One common concern for anyone considering bankruptcy is what property they will be able to keep. Generally speaking, a debtor will be able to keep all their households goods and furniture. The bankruptcy court will not sell your washer and dryer and turn the money over to creditors.
As for houses and cars that have liens on them, whether a debtor keeps them is dependent on whether he can afford the payments, and that will be discussed in detail between the debtor and his bankruptcy attorney.
A creditor is a person or entity that is owed money. A debtor is the person who owes the money.
There are two types of debt: secured and unsecured. A secured debt is a debt where the creditor has an interest in collateral such that if the debtor does not pay, the creditor has the right to take some property of the debtor. Common examples include mortgages and car loans. When Jane does not make her car payments, the car creditor can repossess her car, sell it, and use the money from the sell to satisfy the debt.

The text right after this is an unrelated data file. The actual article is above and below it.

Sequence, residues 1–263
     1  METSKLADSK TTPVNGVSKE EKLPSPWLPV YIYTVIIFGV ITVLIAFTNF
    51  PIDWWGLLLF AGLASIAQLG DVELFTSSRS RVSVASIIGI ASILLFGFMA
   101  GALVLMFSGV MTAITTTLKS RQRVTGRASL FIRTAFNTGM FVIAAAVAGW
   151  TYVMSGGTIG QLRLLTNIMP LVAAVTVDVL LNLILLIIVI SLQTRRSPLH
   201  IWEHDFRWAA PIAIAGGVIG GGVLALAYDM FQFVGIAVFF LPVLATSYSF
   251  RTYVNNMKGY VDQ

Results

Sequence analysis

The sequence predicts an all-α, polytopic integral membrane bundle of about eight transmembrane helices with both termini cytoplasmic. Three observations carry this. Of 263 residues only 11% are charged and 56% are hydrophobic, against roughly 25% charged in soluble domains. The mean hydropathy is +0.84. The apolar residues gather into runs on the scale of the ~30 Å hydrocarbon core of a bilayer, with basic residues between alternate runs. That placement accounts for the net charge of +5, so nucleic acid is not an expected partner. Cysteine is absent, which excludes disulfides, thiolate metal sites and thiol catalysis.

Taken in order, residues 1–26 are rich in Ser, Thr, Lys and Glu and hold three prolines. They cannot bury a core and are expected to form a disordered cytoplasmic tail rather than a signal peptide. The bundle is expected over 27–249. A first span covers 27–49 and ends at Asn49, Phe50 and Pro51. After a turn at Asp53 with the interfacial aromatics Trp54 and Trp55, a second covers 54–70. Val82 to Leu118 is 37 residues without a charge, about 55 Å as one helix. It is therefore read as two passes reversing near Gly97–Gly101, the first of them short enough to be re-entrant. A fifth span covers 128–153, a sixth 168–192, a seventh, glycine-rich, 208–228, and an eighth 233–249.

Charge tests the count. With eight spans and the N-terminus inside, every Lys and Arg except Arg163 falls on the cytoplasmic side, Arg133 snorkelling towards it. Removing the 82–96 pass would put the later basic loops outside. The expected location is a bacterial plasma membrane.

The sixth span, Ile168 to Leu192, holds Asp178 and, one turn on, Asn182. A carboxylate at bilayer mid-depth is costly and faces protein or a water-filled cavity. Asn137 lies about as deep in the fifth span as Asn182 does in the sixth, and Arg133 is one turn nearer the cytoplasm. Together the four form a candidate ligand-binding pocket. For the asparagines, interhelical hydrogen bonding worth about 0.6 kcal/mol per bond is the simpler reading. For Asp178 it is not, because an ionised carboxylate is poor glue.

Unsecured debt is a debt where the creditor is owed money, but if the debtor does not pay, there is no property of the debtor that can be taken. Common types of unsecured debt include credit cards and medical bills. If Jane does not make her credit card payments, she could eventually be sued by the credit card company, but the creditor cannot take the goods she bought with the credit card.